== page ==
FROM JUDGMENT ENTERED IN THE COURT OF COMMON PLEAS COUNTY OF
WAYNE, OHIO CASE No. 15-DR-B-0014
APPEARANCES: L. RAY JONES, Attorney at Law, for Appellant.
HELMUTH, Attorney at Law, for Appellee.
DECISION AND JOURNAL ENTRY
A. SCHAFER J.
Defendant-Appellant, Regina Drouhard ("Wife"),
appeals a decree of divorce entered by the Wayne County Court
of Common Pleas, Domestic Relations Division. For the reasons
set forth below, we affirm in part, reverse in part, and
The parties were married on October 30, 1987.
Plaintiff-Appellee, Franklin Drouhard ("Husband"),
filed a complaint for divorce against Wife in the Wayne
County Court of Common Pleas, Domestic Relations Division, on
January 16, 2015. The parties had separated and been living
apart since February of 2007. Wife answered and
counterclaimed for divorce. Wife also filed a motion for
temporary orders seeking spousal support.
On March 10, 2015, a magistrate held a hearing on Wife's
motion for temporary orders. After hearing argument from both
parties, the magistrate took the matter under advisement and
issued a decision that "denied and overruled"
Wife's request for temporary spousal support. In doing
so, the magistrate "put great weight on the fact the
parties have been separated for seven years and certainly
within those seven years, [Wife] could have asked for some
type of financial relief in the form of a divorce or a legal
separation if she needed to rely on [Husband] for financial
assistance." Wife filed timely objections to the
magistrate's decision, which Husband opposed. On April
23, 2015, the trial court summarily overruled Wife's
objections to the magistrate's decision.
On February 9, 2016, the magistrate held a final hearing on
Husband's complaint for divorce and on Wife's
counterclaim for divorce. Both parties were present and
represented by counsel at the final hearing. On May 16, 2016,
the magistrate issued a decision "find[ing] that the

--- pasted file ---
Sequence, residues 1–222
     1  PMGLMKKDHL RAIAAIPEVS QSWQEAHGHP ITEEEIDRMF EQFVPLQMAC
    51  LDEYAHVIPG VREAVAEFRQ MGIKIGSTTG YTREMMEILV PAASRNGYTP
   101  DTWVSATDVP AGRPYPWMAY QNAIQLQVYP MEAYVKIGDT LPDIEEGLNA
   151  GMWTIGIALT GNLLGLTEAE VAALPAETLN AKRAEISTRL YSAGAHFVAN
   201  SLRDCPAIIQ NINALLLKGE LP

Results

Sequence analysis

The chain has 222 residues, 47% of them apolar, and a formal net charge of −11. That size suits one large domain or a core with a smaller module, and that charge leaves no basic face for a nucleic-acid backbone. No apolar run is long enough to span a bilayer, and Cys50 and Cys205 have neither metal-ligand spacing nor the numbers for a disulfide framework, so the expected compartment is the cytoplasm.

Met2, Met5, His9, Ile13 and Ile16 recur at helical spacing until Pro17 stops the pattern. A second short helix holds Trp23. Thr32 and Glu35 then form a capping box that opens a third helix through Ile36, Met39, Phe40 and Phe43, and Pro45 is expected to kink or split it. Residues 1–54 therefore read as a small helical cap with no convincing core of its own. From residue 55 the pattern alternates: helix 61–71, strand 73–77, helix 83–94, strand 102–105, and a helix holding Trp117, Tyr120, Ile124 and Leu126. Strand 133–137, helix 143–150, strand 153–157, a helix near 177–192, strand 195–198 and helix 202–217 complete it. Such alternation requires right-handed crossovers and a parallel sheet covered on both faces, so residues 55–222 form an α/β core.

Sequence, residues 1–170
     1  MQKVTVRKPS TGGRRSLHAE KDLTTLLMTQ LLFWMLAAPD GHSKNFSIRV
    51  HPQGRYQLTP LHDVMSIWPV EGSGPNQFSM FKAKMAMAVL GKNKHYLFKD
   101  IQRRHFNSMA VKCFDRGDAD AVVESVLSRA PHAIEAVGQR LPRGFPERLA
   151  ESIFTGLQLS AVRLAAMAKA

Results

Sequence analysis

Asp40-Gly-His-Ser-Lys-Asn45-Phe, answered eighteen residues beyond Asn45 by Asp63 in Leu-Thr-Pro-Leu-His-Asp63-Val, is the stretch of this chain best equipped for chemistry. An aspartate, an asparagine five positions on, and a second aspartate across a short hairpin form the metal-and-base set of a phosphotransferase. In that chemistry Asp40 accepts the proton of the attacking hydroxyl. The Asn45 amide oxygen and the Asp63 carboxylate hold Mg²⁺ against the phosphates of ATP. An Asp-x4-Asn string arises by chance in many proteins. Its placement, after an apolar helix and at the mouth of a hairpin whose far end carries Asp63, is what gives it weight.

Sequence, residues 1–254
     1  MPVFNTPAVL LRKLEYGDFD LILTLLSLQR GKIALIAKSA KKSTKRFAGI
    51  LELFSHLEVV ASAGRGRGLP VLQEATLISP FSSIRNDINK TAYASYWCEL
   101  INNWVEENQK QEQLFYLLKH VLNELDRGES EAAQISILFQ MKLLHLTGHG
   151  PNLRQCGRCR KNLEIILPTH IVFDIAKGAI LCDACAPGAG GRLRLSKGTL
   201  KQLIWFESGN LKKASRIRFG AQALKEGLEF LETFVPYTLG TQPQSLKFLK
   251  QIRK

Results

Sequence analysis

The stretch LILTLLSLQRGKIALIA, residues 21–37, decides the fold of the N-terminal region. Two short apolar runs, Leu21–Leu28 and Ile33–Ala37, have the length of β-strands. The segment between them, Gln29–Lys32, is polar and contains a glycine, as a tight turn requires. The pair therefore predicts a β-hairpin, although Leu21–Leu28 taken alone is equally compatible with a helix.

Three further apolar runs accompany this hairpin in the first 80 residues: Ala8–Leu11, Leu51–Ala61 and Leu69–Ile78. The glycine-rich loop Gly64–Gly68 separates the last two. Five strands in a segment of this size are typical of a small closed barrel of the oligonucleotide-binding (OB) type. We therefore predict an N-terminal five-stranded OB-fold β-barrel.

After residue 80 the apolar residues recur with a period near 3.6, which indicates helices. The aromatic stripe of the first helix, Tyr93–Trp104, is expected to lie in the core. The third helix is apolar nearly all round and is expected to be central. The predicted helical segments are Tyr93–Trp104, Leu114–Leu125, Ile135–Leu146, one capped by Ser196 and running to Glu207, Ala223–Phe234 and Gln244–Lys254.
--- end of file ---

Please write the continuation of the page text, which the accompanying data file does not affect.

parties admitted that they are incompatible and should be
granted a divorce on those grounds." Furthermore, for
purposes of dividing marital property, the magistrate
determined that the parties' were married "from
October 30, 1987 through February 1, 2007." The
magistrate selected February 1, 2007, as the de facto
termination of marriage date because that was when the
parties separated. Lastly, as relevant to this appeal, the
magistrate determined that, based on the factors enumerated
in R.C. 3105.18(C)(1), Husband shall pay spousal support to
Wife "in the amount of $150 per month for a third the
length of the marriage, which is 73 months, " for a
total of $10, 950.00. The trial court adopted the
magistrate's decision on May 17, 2016. Wife thereafter
filed timely objections to the magistrate's decision and
filed a transcript of the final hearing with the trial court.
On July 5, 2016, the trial court overruled Wife's
objections to the magistrate's decision. Wife then filed
a motion for reconsideration, which the trial court denied on
July 17, 2016.
Wife filed this timely appeal and presents two assignments of
error for our review.
of Error I
spousal support award of $150 per month, from June 1, 2016 to
July 1, 2022, plus the trial court refusing to grant an
initial temporary award or a final award of attorney fees and
costs to Mrs. Drouhard, is an abuse of discretion.
In her first assignment of error, Wife argues that the trial